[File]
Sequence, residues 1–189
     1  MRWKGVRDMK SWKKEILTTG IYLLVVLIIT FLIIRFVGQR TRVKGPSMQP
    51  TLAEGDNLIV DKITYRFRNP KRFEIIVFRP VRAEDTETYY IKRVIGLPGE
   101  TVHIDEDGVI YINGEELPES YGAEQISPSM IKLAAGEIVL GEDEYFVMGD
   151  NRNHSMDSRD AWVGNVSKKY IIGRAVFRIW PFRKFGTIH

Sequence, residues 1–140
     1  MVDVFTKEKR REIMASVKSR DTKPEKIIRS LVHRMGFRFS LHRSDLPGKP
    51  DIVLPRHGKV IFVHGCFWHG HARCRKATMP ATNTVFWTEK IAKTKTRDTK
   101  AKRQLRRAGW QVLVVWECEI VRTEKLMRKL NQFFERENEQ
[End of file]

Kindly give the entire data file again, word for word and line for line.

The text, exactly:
Sequence, residues 1–189
     1  MRWKGVRDMK SWKKEILTTG IYLLVVLIIT FLIIRFVGQR TRVKGPSMQP
    51  TLAEGDNLIV DKITYRFRNP KRFEIIVFRP VRAEDTETYY IKRVIGLPGE
   101  TVHIDEDGVI YINGEELPES YGAEQISPSM IKLAAGEIVL GEDEYFVMGD
   151  NRNHSMDSRD AWVGNVSKKY IIGRAVFRIW PFRKFGTIH

Sequence, residues 1–140
     1  MVDVFTKEKR REIMASVKSR DTKPEKIIRS LVHRMGFRFS LHRSDLPGKP
    51  DIVLPRHGKV IFVHGCFWHG HARCRKATMP ATNTVFWTEK IAKTKTRDTK
   101  AKRQLRRAGW QVLVVWECEI VRTEKLMRKL NQFFERENEQ